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. Last Updated: 07/27/2016

Picking the Best Man to Lead

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Russian democracy has come under sharp scrutiny in the run-up to the Group of Eight summit, hosted this summer in St. Petersburg by President Vladimir Putin. In a speech in Lithuania this month, Vice President Dick Cheney said Russia had "unfairly and improperly restricted the rights of her people" and had set a political course that could undermine Russia's relations with other countries.

Even harsher assessments have emerged from across the American political spectrum, in reports issued separately by John McCain and by John Edwards with the Council on Foreign Relations. The war of words has escalated on both sides, with McCain urging President George W. Bush to boycott the summit and senior Russian officials lashing back with Cold War-style rhetoric.

Yet recent events suggest that the state of Russian democracy is more nuanced than these assessments have allowed. For example, in the volatile North Caucasus region, the Kremlin has appointed some leaders who are highly principled and genuinely popular. Because of the intense factionalism of this region, some of these leaders could not have been elected to office. Paradoxically, some of these Kremlin appointees have greater popular support, greater capabilities, and greater chances for success than their corrupt and ineffective predecessors, even though their predecessors were "elected" to office.

In February, for example, the Kremlin installed Mukhu Aliyev as president of Dagestan. Aliyev, who holds a doctorate in philosophy, resides in a three-room apartment and owns no automobile. Yet he is a leader of exceptional integrity and experience who has managed to hold himself aloof from the factionalism and corruption that have overwhelmed Dagestan's once vibrant, young democracy. For this reason he enjoys broad popular support, estimated plausibly by one local leader in the vicinity of 90 percent. The irony is that Aliyev was unelectable precisely because he had refused to join with any factions and had chosen to remain innocently impoverished.

As Dagestani politics grew increasingly corrupt, Aliyev was in danger of being marginalized. The Kremlin's appointment of Aliyev ensured the popular support and legitimacy that no election could have achieved.

At the beginning of September 2004, nearby North Ossetia was thrown into political crisis by the hostage atrocity that left 331 captives dead in a school in the town of Beslan. The crisis underscored the fecklessness of Alexander Dzasokhov's regime. Under pressure from the Ossetian public, as well as from the Kremlin, Dzasokhov resigned in 2005.

As his replacement, the Kremlin appointed Taimuraz Mamsurov, the 51-year-old speaker of the North Ossetian legislature. In contrast to Dzasokhov, Mamsurov gained stature, during the Beslan crisis, when he rejected an opportunity for the release of his two children from the besieged school, saying that he would never be able to look his neighbors in the eye. Like Aliyev in Dagestan, Mamsurov is a principled and popular leader. As in Dagestan, the Kremlin served the interests of most local people when it replaced an elected leader with an appointee.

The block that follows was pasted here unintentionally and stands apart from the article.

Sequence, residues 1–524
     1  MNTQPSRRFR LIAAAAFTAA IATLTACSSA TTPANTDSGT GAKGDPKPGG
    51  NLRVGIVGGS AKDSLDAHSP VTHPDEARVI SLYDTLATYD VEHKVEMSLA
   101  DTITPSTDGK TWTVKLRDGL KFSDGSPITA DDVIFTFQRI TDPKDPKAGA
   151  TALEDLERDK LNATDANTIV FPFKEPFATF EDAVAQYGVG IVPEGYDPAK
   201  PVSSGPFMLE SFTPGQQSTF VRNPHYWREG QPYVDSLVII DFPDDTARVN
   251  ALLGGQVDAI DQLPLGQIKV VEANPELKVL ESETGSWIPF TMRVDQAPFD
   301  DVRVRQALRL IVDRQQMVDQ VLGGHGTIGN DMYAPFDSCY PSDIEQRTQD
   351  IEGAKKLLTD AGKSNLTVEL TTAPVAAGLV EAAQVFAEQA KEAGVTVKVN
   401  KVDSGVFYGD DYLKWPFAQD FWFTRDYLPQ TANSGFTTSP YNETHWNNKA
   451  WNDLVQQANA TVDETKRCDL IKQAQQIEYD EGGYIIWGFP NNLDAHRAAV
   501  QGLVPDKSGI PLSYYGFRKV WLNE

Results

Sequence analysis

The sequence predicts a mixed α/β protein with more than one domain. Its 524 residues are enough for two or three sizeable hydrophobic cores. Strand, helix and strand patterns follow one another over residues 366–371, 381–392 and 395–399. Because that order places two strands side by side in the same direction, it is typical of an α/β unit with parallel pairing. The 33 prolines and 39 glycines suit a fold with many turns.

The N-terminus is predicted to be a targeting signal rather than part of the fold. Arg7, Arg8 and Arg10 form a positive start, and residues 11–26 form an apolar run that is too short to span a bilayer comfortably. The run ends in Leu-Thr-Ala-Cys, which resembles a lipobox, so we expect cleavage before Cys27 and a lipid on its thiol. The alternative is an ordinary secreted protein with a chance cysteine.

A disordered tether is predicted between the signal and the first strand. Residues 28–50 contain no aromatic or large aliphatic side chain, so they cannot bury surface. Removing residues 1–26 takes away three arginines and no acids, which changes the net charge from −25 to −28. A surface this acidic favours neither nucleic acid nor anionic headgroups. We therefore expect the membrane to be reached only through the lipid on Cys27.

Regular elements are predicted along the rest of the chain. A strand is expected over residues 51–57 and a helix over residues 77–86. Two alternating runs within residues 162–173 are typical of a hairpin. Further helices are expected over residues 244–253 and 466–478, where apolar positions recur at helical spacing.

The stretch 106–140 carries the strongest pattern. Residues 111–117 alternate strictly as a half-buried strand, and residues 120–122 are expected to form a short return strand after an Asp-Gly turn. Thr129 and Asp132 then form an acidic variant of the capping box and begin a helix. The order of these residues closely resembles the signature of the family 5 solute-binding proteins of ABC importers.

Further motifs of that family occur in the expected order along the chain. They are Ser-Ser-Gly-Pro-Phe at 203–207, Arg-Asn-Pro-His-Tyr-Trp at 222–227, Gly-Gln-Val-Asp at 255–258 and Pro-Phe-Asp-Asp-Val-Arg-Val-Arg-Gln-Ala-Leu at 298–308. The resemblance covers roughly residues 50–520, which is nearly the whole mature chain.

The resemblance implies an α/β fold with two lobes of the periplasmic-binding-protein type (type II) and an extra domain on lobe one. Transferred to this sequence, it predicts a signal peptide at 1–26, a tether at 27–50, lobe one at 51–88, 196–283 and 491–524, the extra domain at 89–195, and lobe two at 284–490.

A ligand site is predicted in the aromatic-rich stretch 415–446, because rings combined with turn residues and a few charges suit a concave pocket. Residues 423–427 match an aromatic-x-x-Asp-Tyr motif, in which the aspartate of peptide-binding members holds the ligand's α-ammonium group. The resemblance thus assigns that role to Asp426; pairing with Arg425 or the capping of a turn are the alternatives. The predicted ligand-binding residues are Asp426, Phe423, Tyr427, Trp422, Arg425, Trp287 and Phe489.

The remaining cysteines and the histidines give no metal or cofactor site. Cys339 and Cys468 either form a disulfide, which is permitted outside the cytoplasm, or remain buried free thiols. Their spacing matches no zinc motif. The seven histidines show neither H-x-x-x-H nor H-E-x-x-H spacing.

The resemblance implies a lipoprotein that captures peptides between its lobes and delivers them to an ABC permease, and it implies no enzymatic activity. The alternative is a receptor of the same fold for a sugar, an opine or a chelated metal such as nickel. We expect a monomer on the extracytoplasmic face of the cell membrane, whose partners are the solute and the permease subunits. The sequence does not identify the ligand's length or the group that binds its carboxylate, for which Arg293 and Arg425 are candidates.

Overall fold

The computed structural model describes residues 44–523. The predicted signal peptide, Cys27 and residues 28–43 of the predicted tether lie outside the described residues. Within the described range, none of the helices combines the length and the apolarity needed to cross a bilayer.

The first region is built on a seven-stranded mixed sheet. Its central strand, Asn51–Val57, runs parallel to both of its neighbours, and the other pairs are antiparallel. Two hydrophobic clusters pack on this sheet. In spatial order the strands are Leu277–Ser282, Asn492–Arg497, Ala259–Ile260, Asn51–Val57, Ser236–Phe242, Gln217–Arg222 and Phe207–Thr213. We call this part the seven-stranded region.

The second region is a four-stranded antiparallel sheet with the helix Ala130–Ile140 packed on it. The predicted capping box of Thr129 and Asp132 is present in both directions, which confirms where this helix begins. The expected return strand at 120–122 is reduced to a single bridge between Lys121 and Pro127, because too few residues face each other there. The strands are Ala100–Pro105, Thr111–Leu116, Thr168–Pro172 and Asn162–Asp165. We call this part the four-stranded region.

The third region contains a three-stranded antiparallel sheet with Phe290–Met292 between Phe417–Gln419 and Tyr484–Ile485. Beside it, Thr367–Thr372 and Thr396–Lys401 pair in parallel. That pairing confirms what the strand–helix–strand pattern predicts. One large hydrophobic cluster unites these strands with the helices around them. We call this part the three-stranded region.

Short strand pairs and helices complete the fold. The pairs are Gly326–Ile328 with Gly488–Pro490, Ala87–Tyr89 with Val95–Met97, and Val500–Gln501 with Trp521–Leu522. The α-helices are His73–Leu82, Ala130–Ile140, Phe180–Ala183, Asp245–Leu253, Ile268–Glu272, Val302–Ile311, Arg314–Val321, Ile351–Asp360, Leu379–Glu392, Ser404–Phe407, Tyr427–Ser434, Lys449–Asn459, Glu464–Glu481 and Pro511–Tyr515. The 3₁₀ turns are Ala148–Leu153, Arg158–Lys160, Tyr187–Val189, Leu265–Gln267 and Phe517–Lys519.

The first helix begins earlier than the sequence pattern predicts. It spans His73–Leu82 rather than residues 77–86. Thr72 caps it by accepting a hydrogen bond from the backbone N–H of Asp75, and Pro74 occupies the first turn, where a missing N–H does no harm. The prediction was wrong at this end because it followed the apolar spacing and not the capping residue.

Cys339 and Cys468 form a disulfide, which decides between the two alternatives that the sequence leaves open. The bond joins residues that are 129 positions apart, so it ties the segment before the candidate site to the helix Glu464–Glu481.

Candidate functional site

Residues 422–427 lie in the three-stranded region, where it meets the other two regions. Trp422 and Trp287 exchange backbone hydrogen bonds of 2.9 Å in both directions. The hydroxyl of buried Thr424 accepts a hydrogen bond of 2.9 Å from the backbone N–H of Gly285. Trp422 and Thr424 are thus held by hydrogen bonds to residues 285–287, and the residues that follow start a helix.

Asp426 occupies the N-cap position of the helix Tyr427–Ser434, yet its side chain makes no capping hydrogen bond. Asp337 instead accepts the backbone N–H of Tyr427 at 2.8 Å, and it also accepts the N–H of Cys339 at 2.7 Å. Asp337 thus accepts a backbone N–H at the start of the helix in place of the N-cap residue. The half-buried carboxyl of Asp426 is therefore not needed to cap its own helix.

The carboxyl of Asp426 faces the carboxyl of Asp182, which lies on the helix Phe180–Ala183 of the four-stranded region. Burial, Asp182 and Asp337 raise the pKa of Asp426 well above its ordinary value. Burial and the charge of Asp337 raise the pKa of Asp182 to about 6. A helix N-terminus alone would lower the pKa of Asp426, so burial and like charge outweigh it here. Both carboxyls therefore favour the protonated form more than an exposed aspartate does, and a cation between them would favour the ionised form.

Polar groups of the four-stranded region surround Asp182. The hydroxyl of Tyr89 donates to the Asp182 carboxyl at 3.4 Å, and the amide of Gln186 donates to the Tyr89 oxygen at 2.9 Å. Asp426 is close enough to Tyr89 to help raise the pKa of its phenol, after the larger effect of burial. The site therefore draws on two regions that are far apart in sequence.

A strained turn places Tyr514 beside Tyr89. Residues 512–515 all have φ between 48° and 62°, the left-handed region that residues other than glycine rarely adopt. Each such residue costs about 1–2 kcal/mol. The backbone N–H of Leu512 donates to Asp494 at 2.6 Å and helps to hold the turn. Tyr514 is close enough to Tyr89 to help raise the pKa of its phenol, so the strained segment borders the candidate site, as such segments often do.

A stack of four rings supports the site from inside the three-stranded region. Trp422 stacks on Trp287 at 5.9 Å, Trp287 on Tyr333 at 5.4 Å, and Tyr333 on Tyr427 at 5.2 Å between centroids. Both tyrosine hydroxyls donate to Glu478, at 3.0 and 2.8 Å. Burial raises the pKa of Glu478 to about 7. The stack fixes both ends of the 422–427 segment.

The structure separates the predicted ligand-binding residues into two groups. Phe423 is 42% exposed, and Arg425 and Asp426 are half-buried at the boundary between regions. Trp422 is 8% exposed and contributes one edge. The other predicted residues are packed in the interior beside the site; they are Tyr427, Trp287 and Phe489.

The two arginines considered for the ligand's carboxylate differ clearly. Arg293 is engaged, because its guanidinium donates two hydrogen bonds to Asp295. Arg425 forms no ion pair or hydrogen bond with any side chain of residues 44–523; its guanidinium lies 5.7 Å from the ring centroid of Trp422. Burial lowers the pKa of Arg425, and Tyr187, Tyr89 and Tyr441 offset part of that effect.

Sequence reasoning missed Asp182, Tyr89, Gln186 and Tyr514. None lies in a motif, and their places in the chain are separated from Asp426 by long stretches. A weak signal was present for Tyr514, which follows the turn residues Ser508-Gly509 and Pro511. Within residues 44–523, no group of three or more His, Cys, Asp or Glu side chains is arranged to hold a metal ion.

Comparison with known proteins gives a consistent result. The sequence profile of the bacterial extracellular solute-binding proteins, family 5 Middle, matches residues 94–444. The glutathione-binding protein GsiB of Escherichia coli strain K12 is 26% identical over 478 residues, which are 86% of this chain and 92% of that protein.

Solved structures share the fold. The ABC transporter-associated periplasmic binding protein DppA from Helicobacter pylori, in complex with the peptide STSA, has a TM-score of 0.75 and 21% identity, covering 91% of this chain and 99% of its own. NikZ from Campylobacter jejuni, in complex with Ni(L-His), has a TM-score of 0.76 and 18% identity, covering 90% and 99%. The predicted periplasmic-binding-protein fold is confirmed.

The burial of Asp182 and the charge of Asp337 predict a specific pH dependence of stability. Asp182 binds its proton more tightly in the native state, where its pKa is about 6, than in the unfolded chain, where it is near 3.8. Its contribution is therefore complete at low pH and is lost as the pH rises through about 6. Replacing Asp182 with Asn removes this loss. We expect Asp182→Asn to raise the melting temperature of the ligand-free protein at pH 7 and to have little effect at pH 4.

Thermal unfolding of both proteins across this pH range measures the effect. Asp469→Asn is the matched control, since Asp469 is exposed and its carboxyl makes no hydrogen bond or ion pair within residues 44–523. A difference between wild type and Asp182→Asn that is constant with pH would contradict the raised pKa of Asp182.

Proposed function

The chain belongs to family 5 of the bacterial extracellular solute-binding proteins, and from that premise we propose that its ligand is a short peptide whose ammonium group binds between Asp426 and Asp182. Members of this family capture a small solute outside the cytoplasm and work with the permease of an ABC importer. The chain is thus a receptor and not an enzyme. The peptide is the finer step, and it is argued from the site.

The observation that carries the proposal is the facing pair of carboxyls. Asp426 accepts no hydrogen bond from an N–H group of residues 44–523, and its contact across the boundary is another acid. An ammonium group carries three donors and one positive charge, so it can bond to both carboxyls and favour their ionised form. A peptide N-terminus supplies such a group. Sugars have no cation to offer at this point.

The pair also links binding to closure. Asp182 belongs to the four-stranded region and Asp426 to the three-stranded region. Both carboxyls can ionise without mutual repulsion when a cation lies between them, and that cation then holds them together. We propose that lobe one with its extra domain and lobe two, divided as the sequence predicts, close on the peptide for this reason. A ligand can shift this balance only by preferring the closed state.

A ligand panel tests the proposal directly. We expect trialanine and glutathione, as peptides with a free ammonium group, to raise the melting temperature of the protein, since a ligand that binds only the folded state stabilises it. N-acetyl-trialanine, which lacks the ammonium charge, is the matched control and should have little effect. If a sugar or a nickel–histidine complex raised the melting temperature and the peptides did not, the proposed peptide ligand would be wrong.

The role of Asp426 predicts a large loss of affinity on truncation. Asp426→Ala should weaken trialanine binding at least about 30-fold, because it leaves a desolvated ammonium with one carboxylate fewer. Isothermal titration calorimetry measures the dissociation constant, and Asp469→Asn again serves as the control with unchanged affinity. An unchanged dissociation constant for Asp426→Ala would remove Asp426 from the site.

Other Kremlin appointments in the region have been less auspicious. The worst occurred in Ingushetia in 2002 when Moscow forced the resignation of the popular and effective President Ruslan Aushev. In his place the Kremlin installed Murat Zyazikov, who had made his career in the Federal Security Service. Without a local political base, Zyazikov relied on the security services to combat Islamist extremism. The result was escalating police brutality that only served the cause of radicalism.

In Kabardino-Balkaria in 2005 the Kremlin appointed Arsen Kanokov, a Moscow billionaire who has never held any job in his ethnic republic apart from the presidency. In Chechnya, in 2004, the Kremlin allowed the apparently fraudulent election of Alu Alkhanov. Despite this inauspicious start, Alkhanov is a widely respected leader, with a reputation for integrity and courage. He has the support of the vast majority of Chechens, who credit him with progress toward stability and economic recovery. At the same time, Moscow has also tolerated Chechen Prime Minister Ramzan Kadyrov, who has overseen security forces that operated brutally beyond Alkhanov's control. Yet in recent weeks there have been indications that Moscow may be ready to reign in Kadyrov and throw stronger support to Alkhanov.

While the record of Kremlin appointments in the North Caucasus has been mixed, it has sometimes provided genuine administrative improvements. Moreover, there are signs that the Kremlin is learning. Moscow not only picked the best man for the job in Dagestan, but it did so with finesse that impressed people in the republic. If appointments like this are seen by local populations as serving their own best interests, then they cannot be hastily dismissed as anti-democratic.

American leaders have a history of unrealistic assessments of Russia. Political rhetoric that plays well in America may not serve the interests of democracy in Russia.

Robert Bruce Ware is a professor at Southern Illinois University Edwardville who studies the North Caucasus.